hang Jeff Davis from a sour apple tree

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Senior Member
Hi everyone! I'm not sure the meaning of the word "hang" in the phase “hang Jeff Davis from a sour apple tree,”. I think "hang" here means "If someone is hanged or if they hang, they are killed, usually as a punishment, by having a rope tied around their neck and the support taken away from under their feet." Is it right?

the context is as follows:
In the summer of 1865, Davis became a star attraction. Banners painted with the feminized image of the Confederate leader draped the museum’s facade. A song from the war promised to “hang Jeff Davis from a sour apple tree,” but Barnum had other plans. Why hang a man once when you could mock him for profit all season long?

source: http://www.nytimes.com/2015/07/13/opinion/the-many-images-of-jefferson-davis.html?_r=0
  • exgerman

    Senior Member
    English but my first language was German
    The line occurs in versions of the extremely popular Civil War song John Brown's body lies a-mouldering in the grave, whose lyrics were later toned down into the still popular (in the US) Battle Hymn of the Republic.


    Senior Member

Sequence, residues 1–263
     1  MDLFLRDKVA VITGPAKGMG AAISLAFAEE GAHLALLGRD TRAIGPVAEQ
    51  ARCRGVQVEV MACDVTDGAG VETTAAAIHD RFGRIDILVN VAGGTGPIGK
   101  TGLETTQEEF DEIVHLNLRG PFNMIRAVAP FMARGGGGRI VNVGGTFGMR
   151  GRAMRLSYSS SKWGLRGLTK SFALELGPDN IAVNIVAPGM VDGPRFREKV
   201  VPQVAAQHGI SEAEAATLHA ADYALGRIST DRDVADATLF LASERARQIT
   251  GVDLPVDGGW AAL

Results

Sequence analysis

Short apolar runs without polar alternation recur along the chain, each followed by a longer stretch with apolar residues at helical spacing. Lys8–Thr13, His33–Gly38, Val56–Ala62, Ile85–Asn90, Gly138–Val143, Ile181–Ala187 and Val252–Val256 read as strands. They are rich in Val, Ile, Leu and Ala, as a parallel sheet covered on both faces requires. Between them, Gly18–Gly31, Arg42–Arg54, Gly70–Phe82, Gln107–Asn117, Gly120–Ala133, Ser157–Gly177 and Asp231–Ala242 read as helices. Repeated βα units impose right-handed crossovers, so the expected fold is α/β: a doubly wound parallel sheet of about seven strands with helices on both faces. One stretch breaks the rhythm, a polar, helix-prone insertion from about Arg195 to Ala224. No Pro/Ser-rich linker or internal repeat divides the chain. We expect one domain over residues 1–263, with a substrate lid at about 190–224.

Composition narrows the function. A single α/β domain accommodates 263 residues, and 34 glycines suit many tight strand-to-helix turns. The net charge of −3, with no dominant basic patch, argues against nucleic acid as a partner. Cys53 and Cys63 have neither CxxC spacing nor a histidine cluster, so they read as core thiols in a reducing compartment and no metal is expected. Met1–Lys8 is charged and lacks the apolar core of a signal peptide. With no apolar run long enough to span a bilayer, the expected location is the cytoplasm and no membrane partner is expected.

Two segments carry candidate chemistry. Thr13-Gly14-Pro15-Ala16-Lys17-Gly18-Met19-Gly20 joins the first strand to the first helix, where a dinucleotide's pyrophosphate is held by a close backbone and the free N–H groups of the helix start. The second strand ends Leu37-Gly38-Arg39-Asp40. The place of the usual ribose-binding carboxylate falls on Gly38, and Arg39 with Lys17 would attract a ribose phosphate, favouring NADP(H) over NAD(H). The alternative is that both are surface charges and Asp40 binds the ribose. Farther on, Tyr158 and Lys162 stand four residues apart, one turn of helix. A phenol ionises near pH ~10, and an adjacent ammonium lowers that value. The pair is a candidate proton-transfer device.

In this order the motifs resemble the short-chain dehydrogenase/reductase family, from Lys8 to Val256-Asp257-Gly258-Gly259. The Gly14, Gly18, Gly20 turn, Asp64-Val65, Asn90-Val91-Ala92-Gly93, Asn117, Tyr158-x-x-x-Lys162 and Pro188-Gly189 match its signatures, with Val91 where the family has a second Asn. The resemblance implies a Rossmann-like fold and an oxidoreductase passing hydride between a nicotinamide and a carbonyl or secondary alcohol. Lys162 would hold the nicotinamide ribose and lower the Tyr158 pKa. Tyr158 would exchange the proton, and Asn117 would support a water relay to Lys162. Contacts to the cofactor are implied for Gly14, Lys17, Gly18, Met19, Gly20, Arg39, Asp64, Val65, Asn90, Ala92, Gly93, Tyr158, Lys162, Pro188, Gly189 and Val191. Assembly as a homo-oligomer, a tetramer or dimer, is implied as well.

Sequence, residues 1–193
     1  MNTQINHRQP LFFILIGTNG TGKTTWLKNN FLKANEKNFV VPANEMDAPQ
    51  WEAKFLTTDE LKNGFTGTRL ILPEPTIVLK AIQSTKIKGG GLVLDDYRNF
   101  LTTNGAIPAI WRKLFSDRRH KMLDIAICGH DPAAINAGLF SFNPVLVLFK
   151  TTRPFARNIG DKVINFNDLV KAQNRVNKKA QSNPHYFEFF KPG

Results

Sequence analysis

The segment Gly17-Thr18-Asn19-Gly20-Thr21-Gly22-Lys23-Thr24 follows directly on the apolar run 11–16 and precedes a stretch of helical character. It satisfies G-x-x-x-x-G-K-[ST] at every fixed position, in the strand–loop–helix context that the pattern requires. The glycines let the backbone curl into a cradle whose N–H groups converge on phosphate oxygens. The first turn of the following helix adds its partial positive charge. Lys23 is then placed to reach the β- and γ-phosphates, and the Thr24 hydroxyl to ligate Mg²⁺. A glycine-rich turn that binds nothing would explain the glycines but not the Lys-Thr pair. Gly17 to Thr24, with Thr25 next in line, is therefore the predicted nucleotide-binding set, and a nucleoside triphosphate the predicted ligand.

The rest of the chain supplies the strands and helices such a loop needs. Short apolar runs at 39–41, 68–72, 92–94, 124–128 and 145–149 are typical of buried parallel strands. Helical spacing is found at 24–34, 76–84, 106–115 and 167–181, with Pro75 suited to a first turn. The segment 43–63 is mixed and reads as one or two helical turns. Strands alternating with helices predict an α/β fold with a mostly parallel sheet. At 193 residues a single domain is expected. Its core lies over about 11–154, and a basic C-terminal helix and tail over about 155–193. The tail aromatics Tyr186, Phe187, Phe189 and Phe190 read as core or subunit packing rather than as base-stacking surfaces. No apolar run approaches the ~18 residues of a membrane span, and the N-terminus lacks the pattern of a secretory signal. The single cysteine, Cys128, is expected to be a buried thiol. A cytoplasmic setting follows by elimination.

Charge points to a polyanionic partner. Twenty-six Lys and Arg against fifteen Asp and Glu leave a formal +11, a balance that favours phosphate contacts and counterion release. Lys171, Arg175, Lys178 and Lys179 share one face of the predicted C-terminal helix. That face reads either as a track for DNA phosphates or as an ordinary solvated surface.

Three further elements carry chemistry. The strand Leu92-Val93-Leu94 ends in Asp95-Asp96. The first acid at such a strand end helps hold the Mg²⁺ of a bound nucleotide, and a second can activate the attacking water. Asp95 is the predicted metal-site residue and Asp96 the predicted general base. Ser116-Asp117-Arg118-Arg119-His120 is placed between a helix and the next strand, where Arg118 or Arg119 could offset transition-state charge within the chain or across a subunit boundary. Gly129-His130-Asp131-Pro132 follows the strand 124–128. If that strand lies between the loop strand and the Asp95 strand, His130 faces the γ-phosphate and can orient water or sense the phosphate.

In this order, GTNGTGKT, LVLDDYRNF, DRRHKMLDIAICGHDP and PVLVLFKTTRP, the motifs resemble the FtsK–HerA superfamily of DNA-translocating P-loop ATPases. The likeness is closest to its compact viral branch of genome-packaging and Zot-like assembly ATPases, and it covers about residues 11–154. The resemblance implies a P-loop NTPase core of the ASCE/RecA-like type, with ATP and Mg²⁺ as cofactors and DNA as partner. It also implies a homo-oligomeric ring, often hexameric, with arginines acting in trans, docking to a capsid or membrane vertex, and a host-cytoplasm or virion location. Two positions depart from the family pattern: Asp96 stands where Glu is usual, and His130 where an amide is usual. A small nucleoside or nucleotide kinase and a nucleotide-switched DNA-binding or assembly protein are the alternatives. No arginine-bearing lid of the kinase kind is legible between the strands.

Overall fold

I do not get the sour apple tree part.

    Here's another extract from It by Stephen King:

    He supposed they would have kept it up as long as necessary, not because any of them really believed the good Derryfolk were going to break into the police station, carry Henry out, and hang him from a sour-apple tree, but because they were desperate to close the books on that summer’s blood and horror; they would have, but Henry didn’t make them.

    What does sour mean? Is there a specimen of apple tree that is called sour-apple?

    Thank you.


    Senior Member
    English - USA
    I would assume it refers to what were called "crabapple" trees where I grew up - they are common in many areas of the US, but their fruit is much too sour to eat.

    Malus - Wikipedia
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